Applications of Lipid Nanodiscs for the Study of Membrane Proteins by Surface Plasmon Resonance

Meg Trahey1, Mavis Jiarong Li1, Hyewon Kwon2, Erica L. Woodahl3, Wynton D. McClary2, William M. Atkins2

1 These authors contributed equally to this work, 2 Department of Medicinal Chemistry, University of Washington, Seattle Washington, 3 Department of Biomedical and Pharmaceutical Sciences, University of Montana, Missoula, Montana
Publication Name:  Current Protocols in Protein Science
Unit Number:  Unit 29.13
DOI:  10.1002/0471140864.ps2913s81
Online Posting Date:  August, 2015
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Abstract

Methods for the initial steps of surface plasmon resonance analysis of membrane proteins incorporated in lipid nanodiscs are described. Several types of Biacore sensor chips are available and require distinct strategies to immobilize proteonanodiscs on the chip surface. The procedures for immobilization on three of these chips (NTA, antibody coupled CM5, and L1) are described in this unit and results are demonstrated for a model system with cytochrome P4503A4 (CYP3A4) in nanodiscs binding to a polyclonal anti‐CYP3A4 antibody. Advantages and disadvantages of each chip type are considered. © 2015 by John Wiley & Sons, Inc.

Keywords: membrane protein; surface plasmon resonance binding analysis; antibody‐receptor binding; lipid nanodisc; biosensor

     
 
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Table of Contents

  • Introduction
  • Strategic Planning
  • Basic Protocol 1: Antibody Binding to Nanodiscs on NTA Chip
  • Basic Protocol 2: Nanodiscs on CM5 Chip Immobilized with Anti‐6‐Histidine Antibody
  • Basic Protocol 3: Nanodiscs on L1 Chip
  • Reagents and Solutions
  • Commentary
  • Literature Cited
  • Figures
  • Tables
     
 
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Materials

Basic Protocol 1: Antibody Binding to Nanodiscs on NTA Chip

  Materials
  • Running buffer (see recipe)
  • 350 mM and 3 mM EDTA, pH 8
  • 0.5 mM NiCl 2
  • Purified empty and CYP3A4 nanodiscs (diluted in running buffer, centrifuged 30 min at 16,000 × g, 4°C, to remove particulates)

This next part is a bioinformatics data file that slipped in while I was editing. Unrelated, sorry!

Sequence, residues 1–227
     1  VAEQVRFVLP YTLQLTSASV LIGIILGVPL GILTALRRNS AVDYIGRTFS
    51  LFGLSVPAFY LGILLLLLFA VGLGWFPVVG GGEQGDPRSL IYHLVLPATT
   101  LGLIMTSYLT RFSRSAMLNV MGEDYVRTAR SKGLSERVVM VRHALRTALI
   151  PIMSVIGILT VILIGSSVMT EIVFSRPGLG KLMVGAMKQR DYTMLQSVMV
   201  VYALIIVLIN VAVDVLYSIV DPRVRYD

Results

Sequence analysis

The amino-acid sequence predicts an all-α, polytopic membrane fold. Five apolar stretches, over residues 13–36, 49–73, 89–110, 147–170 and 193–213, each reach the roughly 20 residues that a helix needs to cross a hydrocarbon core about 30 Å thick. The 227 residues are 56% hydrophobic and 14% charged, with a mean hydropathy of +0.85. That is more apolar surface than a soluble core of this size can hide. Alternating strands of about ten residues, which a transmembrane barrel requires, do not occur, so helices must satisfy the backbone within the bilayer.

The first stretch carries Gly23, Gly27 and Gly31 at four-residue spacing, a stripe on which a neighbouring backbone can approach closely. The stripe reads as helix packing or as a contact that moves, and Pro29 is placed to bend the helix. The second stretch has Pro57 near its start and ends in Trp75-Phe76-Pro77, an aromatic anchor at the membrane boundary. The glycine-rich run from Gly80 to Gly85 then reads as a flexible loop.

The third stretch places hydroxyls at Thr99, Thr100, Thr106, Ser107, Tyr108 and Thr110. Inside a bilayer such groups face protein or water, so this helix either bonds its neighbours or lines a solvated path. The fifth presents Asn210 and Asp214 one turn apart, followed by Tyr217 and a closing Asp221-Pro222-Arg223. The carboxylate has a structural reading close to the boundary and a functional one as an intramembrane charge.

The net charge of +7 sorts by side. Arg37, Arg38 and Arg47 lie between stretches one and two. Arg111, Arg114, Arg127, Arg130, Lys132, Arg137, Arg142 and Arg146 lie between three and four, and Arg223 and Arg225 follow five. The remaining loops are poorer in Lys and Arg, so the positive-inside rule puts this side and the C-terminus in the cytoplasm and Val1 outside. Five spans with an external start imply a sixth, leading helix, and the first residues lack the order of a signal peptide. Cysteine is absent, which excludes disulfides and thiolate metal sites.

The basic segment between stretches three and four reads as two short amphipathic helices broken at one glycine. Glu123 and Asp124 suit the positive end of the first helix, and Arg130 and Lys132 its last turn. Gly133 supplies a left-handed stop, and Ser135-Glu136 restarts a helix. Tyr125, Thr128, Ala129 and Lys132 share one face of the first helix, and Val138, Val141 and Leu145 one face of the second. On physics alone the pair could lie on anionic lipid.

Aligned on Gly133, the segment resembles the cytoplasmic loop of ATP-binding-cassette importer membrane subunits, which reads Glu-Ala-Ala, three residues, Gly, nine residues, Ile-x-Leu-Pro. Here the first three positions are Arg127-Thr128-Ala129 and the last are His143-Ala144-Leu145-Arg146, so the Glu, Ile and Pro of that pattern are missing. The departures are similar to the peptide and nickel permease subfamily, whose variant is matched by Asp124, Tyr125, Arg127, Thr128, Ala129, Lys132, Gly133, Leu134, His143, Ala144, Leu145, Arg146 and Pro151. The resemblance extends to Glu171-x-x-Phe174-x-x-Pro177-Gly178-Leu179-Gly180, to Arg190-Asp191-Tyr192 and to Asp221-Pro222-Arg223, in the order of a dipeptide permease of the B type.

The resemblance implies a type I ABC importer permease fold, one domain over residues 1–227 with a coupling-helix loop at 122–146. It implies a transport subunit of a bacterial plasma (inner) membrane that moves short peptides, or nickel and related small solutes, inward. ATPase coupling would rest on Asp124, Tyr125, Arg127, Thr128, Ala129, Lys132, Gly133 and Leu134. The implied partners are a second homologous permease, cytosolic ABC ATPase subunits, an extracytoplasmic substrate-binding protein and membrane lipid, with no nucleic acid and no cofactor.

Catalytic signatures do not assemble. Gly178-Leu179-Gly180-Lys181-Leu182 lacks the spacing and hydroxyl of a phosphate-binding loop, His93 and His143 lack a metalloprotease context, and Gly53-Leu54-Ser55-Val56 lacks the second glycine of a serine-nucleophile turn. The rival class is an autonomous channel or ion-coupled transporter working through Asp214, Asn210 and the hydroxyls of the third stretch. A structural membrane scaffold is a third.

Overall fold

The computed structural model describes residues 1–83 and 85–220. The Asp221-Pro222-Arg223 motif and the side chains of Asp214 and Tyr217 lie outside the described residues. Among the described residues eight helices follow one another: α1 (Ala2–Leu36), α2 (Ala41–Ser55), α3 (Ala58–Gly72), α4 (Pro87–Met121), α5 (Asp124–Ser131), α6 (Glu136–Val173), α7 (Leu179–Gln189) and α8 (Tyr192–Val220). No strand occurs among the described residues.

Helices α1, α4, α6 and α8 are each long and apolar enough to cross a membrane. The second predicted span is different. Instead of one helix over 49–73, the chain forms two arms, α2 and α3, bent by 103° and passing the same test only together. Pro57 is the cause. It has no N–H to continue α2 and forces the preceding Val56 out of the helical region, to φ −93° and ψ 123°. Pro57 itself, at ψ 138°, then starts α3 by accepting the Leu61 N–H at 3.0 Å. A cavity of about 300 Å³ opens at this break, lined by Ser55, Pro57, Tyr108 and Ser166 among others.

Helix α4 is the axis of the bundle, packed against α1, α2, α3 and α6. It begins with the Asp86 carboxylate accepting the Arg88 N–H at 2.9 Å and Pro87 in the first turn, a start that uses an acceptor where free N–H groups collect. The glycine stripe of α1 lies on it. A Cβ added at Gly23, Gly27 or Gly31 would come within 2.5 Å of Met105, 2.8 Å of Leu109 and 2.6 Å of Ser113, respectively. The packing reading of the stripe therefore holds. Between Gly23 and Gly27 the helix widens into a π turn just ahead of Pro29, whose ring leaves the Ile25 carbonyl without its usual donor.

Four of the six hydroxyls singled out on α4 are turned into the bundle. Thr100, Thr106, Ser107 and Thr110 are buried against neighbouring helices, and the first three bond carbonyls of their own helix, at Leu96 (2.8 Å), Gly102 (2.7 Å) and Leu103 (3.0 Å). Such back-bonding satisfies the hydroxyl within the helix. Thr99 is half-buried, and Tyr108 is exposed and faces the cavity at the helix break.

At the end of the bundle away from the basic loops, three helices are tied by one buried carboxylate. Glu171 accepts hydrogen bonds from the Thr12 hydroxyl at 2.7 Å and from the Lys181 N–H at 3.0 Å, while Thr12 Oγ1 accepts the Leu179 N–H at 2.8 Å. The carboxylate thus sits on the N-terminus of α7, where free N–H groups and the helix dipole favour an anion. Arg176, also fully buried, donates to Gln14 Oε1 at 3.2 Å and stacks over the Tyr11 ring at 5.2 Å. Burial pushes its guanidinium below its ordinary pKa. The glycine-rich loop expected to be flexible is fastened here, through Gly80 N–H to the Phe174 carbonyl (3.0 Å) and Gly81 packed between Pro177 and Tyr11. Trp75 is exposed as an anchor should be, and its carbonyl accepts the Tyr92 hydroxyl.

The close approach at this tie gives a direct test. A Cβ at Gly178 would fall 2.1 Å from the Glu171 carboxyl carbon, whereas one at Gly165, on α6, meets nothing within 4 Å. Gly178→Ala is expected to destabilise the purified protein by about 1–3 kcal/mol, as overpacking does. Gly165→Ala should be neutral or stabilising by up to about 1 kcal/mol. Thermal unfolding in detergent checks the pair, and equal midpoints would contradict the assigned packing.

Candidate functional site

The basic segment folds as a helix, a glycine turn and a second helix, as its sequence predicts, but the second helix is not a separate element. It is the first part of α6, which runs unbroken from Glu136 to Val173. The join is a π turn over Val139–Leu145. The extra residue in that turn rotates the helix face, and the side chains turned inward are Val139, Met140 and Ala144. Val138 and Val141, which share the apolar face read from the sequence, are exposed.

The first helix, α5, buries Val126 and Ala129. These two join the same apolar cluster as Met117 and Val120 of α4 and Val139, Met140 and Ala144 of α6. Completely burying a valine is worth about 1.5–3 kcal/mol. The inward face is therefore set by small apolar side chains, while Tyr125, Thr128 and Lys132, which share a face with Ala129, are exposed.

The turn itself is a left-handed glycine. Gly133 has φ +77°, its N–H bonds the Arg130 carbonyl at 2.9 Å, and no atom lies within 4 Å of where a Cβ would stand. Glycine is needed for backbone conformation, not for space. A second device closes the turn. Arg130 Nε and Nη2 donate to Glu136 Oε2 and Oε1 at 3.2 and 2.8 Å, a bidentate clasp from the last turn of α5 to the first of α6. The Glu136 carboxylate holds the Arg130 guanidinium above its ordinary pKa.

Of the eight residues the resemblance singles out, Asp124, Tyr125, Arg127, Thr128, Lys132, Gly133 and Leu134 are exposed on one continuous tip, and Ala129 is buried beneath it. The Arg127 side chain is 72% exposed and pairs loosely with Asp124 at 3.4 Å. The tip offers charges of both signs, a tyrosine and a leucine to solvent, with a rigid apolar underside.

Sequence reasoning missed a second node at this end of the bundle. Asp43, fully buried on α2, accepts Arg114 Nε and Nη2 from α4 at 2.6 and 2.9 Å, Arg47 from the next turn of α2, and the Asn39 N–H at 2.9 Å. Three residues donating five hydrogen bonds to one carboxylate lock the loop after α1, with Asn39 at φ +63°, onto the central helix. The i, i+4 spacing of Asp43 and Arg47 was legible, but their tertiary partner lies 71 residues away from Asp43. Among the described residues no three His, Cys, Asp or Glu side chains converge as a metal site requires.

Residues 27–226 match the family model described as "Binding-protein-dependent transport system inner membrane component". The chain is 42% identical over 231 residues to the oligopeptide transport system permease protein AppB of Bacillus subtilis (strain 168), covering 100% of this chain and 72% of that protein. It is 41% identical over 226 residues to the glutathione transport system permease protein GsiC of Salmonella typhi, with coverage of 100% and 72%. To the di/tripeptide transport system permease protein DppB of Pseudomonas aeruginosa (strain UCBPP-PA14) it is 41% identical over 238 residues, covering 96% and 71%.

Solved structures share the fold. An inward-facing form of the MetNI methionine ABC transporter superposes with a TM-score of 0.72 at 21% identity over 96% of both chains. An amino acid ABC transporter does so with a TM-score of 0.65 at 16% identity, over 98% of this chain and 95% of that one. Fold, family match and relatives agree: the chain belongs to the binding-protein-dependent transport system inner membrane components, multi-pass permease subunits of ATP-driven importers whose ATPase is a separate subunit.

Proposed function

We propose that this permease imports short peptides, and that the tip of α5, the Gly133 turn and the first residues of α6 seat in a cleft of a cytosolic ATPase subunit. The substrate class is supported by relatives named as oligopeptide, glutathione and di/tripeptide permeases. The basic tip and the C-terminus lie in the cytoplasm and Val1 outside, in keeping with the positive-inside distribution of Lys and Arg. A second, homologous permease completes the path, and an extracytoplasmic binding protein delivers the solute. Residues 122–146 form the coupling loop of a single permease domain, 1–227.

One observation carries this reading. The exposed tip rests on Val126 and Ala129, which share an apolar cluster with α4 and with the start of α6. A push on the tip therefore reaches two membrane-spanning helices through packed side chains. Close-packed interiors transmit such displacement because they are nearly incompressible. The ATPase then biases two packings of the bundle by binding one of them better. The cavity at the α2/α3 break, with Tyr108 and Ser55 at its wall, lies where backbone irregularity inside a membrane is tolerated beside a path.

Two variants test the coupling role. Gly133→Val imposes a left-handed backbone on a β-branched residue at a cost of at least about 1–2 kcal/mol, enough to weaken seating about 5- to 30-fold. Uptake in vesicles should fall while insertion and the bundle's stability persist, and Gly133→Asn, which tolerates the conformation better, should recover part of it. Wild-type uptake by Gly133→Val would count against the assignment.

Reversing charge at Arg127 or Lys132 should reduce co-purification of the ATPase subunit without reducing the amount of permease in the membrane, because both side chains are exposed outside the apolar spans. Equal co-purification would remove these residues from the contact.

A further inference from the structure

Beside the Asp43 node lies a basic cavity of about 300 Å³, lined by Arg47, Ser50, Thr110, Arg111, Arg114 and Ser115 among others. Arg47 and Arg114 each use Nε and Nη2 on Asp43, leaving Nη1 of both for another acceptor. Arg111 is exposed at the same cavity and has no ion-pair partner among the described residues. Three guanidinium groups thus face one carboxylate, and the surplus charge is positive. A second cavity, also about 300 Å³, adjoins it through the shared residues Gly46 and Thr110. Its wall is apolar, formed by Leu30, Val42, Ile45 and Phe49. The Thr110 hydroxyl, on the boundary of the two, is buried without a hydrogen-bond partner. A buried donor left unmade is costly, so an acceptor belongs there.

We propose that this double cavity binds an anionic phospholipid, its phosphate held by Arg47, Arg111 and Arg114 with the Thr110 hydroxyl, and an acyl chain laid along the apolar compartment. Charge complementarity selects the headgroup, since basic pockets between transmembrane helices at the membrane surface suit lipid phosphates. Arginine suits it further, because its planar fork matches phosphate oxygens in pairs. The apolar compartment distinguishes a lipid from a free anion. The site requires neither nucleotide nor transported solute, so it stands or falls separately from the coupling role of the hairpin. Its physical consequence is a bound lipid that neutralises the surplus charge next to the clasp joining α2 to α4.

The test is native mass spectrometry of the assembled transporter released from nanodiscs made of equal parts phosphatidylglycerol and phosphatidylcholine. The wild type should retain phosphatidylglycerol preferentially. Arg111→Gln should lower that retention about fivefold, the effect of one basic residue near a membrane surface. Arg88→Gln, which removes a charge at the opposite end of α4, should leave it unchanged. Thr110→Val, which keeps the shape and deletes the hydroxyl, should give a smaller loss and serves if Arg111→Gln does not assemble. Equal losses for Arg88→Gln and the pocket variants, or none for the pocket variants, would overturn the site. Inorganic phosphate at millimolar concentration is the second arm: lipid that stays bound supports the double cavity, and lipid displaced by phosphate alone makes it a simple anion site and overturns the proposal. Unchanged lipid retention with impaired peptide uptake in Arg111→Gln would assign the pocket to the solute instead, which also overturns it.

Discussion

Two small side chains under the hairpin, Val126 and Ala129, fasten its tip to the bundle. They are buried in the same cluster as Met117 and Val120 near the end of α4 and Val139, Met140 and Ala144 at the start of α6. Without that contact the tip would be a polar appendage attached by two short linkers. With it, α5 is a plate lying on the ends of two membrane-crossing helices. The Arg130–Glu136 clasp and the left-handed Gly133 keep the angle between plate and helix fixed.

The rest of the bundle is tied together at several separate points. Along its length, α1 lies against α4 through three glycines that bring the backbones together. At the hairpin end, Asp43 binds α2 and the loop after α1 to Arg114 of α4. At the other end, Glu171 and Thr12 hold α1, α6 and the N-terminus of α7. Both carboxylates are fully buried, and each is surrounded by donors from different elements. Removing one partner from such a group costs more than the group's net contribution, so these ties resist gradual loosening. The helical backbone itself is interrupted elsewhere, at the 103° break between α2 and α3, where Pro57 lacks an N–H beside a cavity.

• 100 μg/ml affinity‐purified rabbit polyclonal anti‐CYP3A4 antibody in running buffer
  • Series S sensor chip NTA (GE Healthcare Life Sciences)
  • Biacore T200
  • Biacore rubber caps
  • Biacore plastic vials
NOTE: Temperature of chip and sample compartment is set to room temperature (25°C). The running buffer must not contain divalent cations such as Mg2+ or Ca2+.

Basic Protocol 2: Nanodiscs on CM5 Chip Immobilized with Anti‐6‐Histidine Antibody

  Materials
  • HBS‐EP buffer (0.01 M HEPES, pH 7.4, 0.15 M NaCl, 3 mM EDTA, 0.0005% v/v surfactant P20)
  • 0.4 M 1‐ethyl‐3‐(3‐dimethylaminoprolyl)‐carbodiimide (EDC)
  • 0.1 M N‐hydroxysuccinimide (NHS)
  • Mouse anti‐6‐histidine antibody (86.7 μg/ml in 10 mM sodium acetate, pH 4.5)
  • 1.0 M ethanolamine‐HCl, pH 8.5
  • Running buffer (see recipe)
  • 10 mM glycine‐HCl, pH 1.5
  • Purified empty and CYP3A4 nanodiscs (diluted in running buffer, centrifuged 30 min at 16,000 × g, 4°C to remove particulates)
  • 100 μg/ml affinity‐purified rabbit polyclonal anti‐CYP3A4 antibody in running buffer
  • Series S sensor chip CM5 (GE Healthcare Life Sciences)
  • Biacore T200
  • Biacore rubber caps
  • Biacore plastic vials
NOTE: Temperature of chip and sample compartment is set at room temperature (25°C).NOTE: Buffers used for antibody immobilization must not contain amine derivatives (e.g., Tris, sodium azide), which may interfere with the amine coupling process.

Basic Protocol 3: Nanodiscs on L1 Chip

  Materials
  • Running buffer (see recipe)
  • 20 mM CHAPS in running buffer
  • Purified empty and CYP3A4 nanodiscs (diluted in running buffer, centrifuged 30 min at 16,000 × g, 4°C, to remove particulates)
  • 0.2 mg/ml BSA in running buffer
  • 100 μg/ml affinity‐purified rabbit polyclonal anti‐CYP3A4 antibody in running buffer
  • Series S Sensor Chip L1 (GE Healthcare Life Sciences)
  • Biacore T200
  • Biacore rubber caps
  • Biacore plastic vials
NOTE: Temperature of the chip and sample compartment is set at room temperature (25°C).
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Figures

Videos

Literature Cited

Literature Cited
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